We think we stopped crying on a Thursday. Those of us who were at funerals or who gave birth that day remember it best for the troubling absence of tears. The rest of us only have faint memories of pride for that day when we didn’t cry in the middle of a fight, while wrangling our kids at the grocery store, or when we couldn’t fall asleep.
After a few weeks it was obvious that all of us past the point of puberty had lost the ability to cry. This spurred many theories–it was the estrogen, it was the extra X chromosome, it was some new brand of hysteria.
We were confused but not unhappy. We enjoyed the freedom to get angry without the threat of our tears speaking over us. Together we laughed about how it was easier to feel everything without runny mascara or puffy eyes to conceal.
A few months later we were all bigger. The doctors said it was a buildup of excess salt from unshed tears that had left our bodies bloated. Stores quickly stocked larger sizes and broader fits of clothing. We ignored the men’s whispers about whether they preferred us with or without the new curves.
Speaking of the men, everyone wondered why this had never happened to them. After all, some hadn’t cried for many years.
A pundit asked, “Could it be the difference between can’t cry versus won’t cry?”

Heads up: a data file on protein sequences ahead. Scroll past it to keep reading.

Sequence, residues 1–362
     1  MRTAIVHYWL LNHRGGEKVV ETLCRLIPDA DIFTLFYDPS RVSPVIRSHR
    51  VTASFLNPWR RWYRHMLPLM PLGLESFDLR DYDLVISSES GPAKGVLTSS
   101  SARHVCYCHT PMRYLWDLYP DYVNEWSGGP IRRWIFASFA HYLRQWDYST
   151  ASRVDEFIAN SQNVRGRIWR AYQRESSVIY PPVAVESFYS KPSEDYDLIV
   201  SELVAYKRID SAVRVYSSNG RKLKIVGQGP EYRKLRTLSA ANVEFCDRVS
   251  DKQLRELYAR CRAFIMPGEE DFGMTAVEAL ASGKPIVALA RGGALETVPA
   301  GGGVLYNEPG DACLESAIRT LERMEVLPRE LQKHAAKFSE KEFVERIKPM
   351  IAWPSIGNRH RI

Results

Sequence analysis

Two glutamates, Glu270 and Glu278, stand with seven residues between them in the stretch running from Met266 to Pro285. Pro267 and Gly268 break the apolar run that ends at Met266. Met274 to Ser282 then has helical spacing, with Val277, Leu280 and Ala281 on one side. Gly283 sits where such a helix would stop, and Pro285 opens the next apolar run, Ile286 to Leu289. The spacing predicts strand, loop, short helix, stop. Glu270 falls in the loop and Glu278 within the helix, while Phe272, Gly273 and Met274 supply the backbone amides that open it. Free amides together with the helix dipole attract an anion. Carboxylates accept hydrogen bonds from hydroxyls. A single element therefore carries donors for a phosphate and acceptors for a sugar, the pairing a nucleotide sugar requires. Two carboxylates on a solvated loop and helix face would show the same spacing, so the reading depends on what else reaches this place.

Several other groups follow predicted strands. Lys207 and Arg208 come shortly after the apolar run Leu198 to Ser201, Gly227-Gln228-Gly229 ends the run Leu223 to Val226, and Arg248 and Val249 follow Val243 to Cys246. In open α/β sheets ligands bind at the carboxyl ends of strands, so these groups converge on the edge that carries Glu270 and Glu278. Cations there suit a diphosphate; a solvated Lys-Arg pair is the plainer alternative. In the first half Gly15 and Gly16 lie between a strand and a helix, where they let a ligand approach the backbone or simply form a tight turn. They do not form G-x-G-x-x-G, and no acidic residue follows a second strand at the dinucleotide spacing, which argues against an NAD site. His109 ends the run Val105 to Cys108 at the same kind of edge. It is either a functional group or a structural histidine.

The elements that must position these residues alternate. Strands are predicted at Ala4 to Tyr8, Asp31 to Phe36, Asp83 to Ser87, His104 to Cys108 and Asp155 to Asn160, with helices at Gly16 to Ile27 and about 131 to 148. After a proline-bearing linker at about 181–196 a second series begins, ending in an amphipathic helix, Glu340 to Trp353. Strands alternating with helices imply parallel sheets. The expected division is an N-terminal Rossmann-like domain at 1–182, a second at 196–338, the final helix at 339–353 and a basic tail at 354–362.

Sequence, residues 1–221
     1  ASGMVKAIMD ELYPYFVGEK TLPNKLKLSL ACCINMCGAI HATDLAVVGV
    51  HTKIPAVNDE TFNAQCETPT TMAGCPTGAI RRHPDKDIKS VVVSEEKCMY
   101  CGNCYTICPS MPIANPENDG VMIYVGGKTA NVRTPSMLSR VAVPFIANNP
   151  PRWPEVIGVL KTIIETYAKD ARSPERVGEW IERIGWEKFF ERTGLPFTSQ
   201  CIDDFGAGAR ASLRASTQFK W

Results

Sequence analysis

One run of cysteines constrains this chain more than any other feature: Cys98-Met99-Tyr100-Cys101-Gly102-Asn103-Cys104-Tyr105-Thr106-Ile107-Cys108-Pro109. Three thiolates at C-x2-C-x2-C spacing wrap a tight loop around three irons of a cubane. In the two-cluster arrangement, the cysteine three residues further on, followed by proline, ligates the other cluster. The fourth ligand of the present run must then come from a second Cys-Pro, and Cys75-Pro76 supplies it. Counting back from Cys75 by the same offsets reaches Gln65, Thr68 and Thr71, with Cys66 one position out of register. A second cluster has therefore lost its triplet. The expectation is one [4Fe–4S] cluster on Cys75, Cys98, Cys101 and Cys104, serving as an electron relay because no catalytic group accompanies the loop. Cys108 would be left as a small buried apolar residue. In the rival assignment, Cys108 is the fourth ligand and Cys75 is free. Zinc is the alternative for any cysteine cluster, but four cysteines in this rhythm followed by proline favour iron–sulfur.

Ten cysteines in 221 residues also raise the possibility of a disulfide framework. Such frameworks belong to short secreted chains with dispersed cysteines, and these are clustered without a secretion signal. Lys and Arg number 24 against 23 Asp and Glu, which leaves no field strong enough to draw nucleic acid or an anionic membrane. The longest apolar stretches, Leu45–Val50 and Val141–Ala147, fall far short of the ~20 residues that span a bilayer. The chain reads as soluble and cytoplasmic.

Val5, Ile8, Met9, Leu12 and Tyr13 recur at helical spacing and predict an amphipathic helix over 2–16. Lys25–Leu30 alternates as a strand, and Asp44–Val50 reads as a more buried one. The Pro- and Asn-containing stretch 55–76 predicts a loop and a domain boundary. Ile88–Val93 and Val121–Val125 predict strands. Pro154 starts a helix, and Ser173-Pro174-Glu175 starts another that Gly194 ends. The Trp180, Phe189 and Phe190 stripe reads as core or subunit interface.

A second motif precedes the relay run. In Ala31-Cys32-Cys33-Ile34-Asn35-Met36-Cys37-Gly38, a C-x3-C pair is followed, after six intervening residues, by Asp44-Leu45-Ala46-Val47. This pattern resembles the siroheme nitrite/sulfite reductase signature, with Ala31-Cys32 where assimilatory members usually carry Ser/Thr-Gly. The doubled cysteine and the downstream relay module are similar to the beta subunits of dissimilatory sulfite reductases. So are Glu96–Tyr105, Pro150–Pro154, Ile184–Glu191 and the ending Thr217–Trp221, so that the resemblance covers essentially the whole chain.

“I don’t know,” the expert said.
We shook our heads at this non-answer and were glad to not have a choice in the matter.
Then, a woman from Singapore reported that she couldn’t take a bath. The science told us this: all that salt in our bodies seeped out when we were submerged in water. So much so, that we became buoyant. In a space as small as a bathtub there wasn’t enough room to float and, like this woman in Singapore, we would be lifted out onto the bathroom floor. In the ocean we floated as if on giant inner tubes. Tourists at the Dead Sea claimed that they could jump in and be spit right back out with enough force to catch a moment of stillness in the air. We nearly walked on water.
Soon came the discovery that we could disinfect. An all-natural, human based sodium chloride solution that could clean wounds and water. Now, when it rains, we stand naked outside and let the droplets wash over us. By the time it has flowed from our scalps to our feet the water is fresh enough to drink.
We don’t know how long this will last or if it will continue to the next generation. Many invite their young daughters out with them to join in the ritual. Our husbands, brothers, fathers, and sons stay inside with warm towels waiting for when the skies clear.
If anyone has cried again, they have not spoken of it. Once, back in the beginning, some of us confided that we missed the tears and the catharsis that came with their release. Now, when it rains, the environment pulses with our hearts; we do not shield ourselves against the impact but instead let the elements work through us.
Lauren Cortese is a fiction writer from Annapolis, Maryland. Last spring she completed her MFA at the College of Charleston and has begun PhD studies at the University of East Anglia. She is currently working on her first novel.